A flexible loop at the dimer interface is a part of the active site of the adjacent monomer of Escherichia coli orotate phosphoribosyltransferase
Research output: Contribution to journal › Journal article › Research › peer-review
Orotate phosphoribosyltransferase (OPRTase) is involved in the biosynthesis of pyrimidine nucleotides. a-d-ribosyldiphosphate 5-phosphate (PRPP) and orotate are utilized to form pyrophosphate and orotidine 5‘-monophosphate (OMP) in the presence of divalent cations, preferably Mg2+. OMP is thereafter converted to uridine 5‘-monophosphate by OMP decarboxylase. We have determined the 2.4 Å structure of Escherichia coli OPRTase, ligated with sulfate, by molecular replacement and refined the structure to an R-factor of 18.3% for all data. In the structure of the E. coli enzyme we have determined the fold of a flexible loop region with a highly conserved amino acid sequence among OPRTases, a region known to take part in catalysis. The structure of this region was not determined in the model used for molecular replacement, and it involves interactions at the dimer interface through a bound sulfate ion. Crystalline E. coli OPRTase is a homodimer, with sulfate ions inhibiting enzyme activity bound in the dimer interface close to the flexible loop region. Although this loop is very close in space to the sulfate binding site, and sulfate is found in both interfaces of the homodimer, the loop structure is only traceable in one monomer. We expect that the mobility of this loop is important for catalysis, and, on the basis of the reported structure and the structure of Salmonella typhimurium OPRTase·OMP, we propose that the movement of this loop in association with the movement of OMP is vital to catalysis. Apart from the flexible loop region and a solvent-exposed loop (residues 158-164), the most significant differences in structure between S. typhimurium OPRTase·OMP and E. coli OPRTase are found in the substrate binding regions: the 5‘-phosphate binding region (residues 120-131), the binding region for the orotate part of OMP (residues 25-27), and the pyrophosphate binding region (residues 71-73).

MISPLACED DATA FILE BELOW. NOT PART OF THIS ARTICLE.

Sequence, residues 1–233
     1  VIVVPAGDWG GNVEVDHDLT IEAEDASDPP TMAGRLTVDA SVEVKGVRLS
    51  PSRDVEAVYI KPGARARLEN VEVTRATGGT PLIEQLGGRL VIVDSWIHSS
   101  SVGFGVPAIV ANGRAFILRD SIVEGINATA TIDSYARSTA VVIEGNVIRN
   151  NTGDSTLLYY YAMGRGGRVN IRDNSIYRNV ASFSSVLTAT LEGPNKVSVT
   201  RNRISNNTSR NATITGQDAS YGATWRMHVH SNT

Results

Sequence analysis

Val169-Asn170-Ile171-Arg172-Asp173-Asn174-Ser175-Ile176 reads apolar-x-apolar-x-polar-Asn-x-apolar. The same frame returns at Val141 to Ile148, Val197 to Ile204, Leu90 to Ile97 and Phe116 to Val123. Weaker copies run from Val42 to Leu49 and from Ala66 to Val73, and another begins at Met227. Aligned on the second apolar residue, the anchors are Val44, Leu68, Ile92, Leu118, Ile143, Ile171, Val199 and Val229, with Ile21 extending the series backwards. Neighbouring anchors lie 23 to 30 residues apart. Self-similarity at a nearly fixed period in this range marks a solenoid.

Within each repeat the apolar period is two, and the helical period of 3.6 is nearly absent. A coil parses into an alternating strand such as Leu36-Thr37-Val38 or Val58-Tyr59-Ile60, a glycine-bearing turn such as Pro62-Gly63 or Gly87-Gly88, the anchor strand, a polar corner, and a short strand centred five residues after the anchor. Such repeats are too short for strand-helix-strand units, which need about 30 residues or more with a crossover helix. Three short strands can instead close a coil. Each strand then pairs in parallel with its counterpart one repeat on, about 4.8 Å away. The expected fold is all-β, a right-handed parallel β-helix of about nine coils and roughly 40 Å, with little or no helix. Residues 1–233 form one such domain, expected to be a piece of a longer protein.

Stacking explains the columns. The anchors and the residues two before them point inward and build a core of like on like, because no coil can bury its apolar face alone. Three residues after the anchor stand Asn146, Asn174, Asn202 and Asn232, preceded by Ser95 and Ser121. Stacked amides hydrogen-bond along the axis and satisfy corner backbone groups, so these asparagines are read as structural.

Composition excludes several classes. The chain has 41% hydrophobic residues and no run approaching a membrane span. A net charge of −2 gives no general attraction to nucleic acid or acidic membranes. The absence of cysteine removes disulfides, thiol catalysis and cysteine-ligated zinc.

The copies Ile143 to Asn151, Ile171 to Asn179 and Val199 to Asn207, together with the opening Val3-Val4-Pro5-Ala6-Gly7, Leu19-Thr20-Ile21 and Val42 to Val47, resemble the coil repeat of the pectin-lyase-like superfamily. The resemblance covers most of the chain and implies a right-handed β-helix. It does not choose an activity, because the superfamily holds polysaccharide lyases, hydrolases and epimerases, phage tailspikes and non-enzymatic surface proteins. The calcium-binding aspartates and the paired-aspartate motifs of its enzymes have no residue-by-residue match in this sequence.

|Publication status||Published - 1996|